The ASEAN Community will bring the 10 Member States of ASEAN even closer together, as we will be bound by the shared vision of a durable, peaceful, stable and prosperous region. Community-building has three pillars - in the political-security, economic and socio-cultural areas. The establishment of a Community is a significant milestone in ASEAN’s continued evolution as an organisation with a common regional identity, one that is home to some 620 million people aspiring for ‘One Vision, One Identity, One Community’.

2 The Community is in place on Dec. 31, 2015. What changes can we expect in the new year?

ASEAN Community-building is an ongoing process, not an overnight transformation. To prepare for its launch, ASEAN Member States have undertaken initiatives under the three ASEAN Community blueprints, aimed at deepening and widening integration. ASEAN Leaders have also adopted the ‘ASEAN Community Vision 2025’ which charts our continued integration and consolidation over the next 10 years.

3 How will the ASEAN Community affect my everyday life? The primary goal of regional integration through the ASEAN Community is to improve the lives of ASEAN’s citizens. The 2015 Kuala Lumpur Declaration on The Establishment of The ASEAN Community, issued by ASEAN Leaders at the 27th ASEAN Summit in November 2015, speaks of their aspiration to establish “a truly rules-based, people-oriented, people-centred Community where our peoples continue to participate in and benefit fully from the ongoing process of ASEAN integration and community-building.” For an ASEAN citizen, the Community will offer opportunities such as a bigger, more open and rules-based market for business, more trade, and increased people-to people interaction through commerce, travel and education, among others.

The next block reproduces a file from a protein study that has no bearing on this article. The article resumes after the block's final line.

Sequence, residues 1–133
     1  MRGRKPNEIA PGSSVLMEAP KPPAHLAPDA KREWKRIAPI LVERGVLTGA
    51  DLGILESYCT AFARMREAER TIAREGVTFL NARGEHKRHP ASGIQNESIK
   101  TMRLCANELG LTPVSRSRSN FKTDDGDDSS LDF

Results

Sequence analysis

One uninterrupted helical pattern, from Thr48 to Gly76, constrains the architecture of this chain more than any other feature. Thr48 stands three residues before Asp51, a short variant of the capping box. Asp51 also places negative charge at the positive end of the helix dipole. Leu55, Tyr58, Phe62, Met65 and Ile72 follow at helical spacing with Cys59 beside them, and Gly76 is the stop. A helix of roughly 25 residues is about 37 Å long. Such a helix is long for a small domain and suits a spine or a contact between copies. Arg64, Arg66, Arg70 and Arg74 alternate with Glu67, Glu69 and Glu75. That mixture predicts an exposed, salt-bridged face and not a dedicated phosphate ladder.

4 Will I be able to travel freely in the region or work in another ASEAN country?

Various agreements and initiatives within ASEAN have eased travel among ASEAN nationals’ countries, and more are underway.

In the area of employment, the Mutual Recognition Arrangements within ASEAN Community provide for the freer movement of skilled professionals – engineers, nurses, architects, land surveyors, medical doctors and dentists, accountants, and tourism professionals.

5 Some ASEAN members have differences with each other. How will the ASEAN Community help in these?

Like in any family, ASEAN Member States may have differing views on a range of issues, and a number have pending border issues. ASEAN Member States are committed to the ASEAN Charter as their guiding principle, which includes resolving any disputes through peaceful means. Among others, the ‘ASEAN Way’ is about Community and consensus-building, non-violence over confrontation, moderation over extremism, and a peaceful settlement of disputes.

ASEAN has a number of agreements for promoting regional peace, cooperation and solidarity. This includes the 1971 Declaration on the Zone of Peace, Freedom and Neutrality, the 1976 Treaty of Amity and Cooperation and the 2004 Protocol for Enhanced Dispute Settlement Mechanism for resolving economic-related disputes. The ASEAN Declaration on the South China Sea (1992) and the Declaration on the Conduct of Parties in the South China Sea (2002) also play a key role in maintaining peace, security and stability in the South China Sea. A third example of how ASEAN manages cross-border challenges is the ASEAN Agreement on Transboundary Haze Pollution.